The US has a wink-wink, nudge-nudge relationship with the Columbian authorities, who are tied to paramilitaries that produce 75% of the country’s cocaine output, and who with the paramilitaries carry on assassinations and massacres.   While there are some busts from time to time for appearances the essence of the situation is that US dollars are employed to protect the interests of the same groups in charge of the drug trade.   Labelling those opposed to the Columbian regime as terrorist organizations is not terribly constructive when the US backed government is worse.   FARC are pondscum who engineer terrorist acts and kidnappings but that is in the context that it is hard to oppose a monster without becoming one.    Columbia is a country in which the US ought to be backing some insurgency with strings attached.
So the thing that Mr. Bout is accused of is something that was entirely an artifact of US agents.   He didn’t actually commit any act that would give the US jurisdiction and he was arrested in Thailand, in which country he was not accused of any crime.
Mr. Bout is a mercenary and himself pondscum, no question about that.  He’ll work with absolutely anybody that wants access to weapons and has ties to Russia as well as the United States.
There is an old saying that “hard cases make bad law”.   It is difficult to have any sympathy for Mr. Bout.   All the same it is obvious that what he is accused of has nothing to do with why the US wants him.
The US seems to be developing a Spain like vision of the world, with universal jurisdiction to grab anybody they want who is generically a bad person and put him on trial in a US court.    Universal jurisdiction is tantamount to declaring universal sovereignity.   A power to scoop up anybody in the world on the thinnest of premises and put them on trial must not be encouraged.
Probably the world would be a better place without Mr. Bout.  That’s why there’s “black ops”.   Black ops paradoxically protect the law.  Contorting the law on the record in a way that allows you to get at one problem person that has been expertly maneuvering through the cracks has the potential to affect the rights of everybody and starts a slippery slope in which law stops being about the law and starts being about the ends justifying the means.  The courts shouldn’t be contaminated with that kind of problem.   That the real reason for putting Mr. Bout out of commission isn’t disclosed- obviously if they set up an entrapment sting the government already decided he was a problem- is distasteful.   He’s really on trial for something that may not ever be in evidence.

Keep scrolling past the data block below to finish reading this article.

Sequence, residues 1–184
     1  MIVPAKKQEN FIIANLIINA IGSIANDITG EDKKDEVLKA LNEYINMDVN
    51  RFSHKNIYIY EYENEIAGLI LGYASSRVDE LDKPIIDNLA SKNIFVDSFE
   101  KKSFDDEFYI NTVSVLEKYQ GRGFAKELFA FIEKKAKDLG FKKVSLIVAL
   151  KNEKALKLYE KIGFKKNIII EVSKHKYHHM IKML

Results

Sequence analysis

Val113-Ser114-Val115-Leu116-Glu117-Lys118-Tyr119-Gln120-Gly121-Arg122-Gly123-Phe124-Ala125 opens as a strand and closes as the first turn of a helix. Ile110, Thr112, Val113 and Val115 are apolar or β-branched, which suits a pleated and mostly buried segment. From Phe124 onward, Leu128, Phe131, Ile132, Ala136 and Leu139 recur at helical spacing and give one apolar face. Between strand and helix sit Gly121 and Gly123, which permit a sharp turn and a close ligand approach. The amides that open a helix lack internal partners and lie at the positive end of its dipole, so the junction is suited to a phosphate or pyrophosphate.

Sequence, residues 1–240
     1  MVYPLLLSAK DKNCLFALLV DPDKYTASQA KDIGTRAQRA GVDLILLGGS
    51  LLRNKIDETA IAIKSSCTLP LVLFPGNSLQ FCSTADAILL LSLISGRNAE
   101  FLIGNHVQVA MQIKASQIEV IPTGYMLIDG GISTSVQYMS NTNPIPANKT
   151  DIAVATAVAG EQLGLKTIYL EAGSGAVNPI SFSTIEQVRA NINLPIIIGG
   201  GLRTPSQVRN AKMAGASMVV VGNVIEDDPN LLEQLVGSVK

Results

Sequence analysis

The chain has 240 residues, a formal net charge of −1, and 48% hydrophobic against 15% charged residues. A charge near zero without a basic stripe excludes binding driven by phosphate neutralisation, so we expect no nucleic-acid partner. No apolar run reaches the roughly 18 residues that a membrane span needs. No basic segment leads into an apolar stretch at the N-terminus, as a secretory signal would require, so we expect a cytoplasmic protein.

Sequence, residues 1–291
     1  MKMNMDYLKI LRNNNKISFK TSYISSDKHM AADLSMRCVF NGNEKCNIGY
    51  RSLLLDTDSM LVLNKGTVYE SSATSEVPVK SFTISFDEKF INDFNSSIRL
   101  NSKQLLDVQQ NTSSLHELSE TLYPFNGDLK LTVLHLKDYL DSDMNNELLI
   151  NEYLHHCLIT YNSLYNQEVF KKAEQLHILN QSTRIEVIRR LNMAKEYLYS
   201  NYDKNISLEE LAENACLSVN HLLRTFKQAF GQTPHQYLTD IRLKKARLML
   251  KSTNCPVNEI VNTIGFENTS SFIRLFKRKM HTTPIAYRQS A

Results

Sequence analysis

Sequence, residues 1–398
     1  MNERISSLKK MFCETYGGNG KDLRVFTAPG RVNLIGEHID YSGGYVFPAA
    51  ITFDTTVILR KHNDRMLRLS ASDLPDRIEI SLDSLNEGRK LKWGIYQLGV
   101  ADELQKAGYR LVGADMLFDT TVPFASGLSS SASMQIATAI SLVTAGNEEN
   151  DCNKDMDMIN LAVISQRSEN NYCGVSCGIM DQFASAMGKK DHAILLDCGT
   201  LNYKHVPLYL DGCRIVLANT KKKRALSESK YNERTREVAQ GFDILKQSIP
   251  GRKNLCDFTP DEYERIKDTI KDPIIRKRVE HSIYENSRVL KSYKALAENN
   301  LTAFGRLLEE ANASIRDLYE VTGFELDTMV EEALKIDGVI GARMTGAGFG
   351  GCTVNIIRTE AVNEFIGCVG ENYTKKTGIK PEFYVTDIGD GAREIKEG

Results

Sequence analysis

Now that they have him in custody in the US, the authorities have no good options.   If the court glosses over the abuse of process and convicts him we lose and if he has to be released we also lose.   Either outcome damages US credibility.
The US used to be able to handle situations like this, but we now know that the CIA looks on the idea of field operatives as passe, keeping something like 90% of employees in the US, where they are presumably waiting for Bin Laden’s location to come in over the fax machine.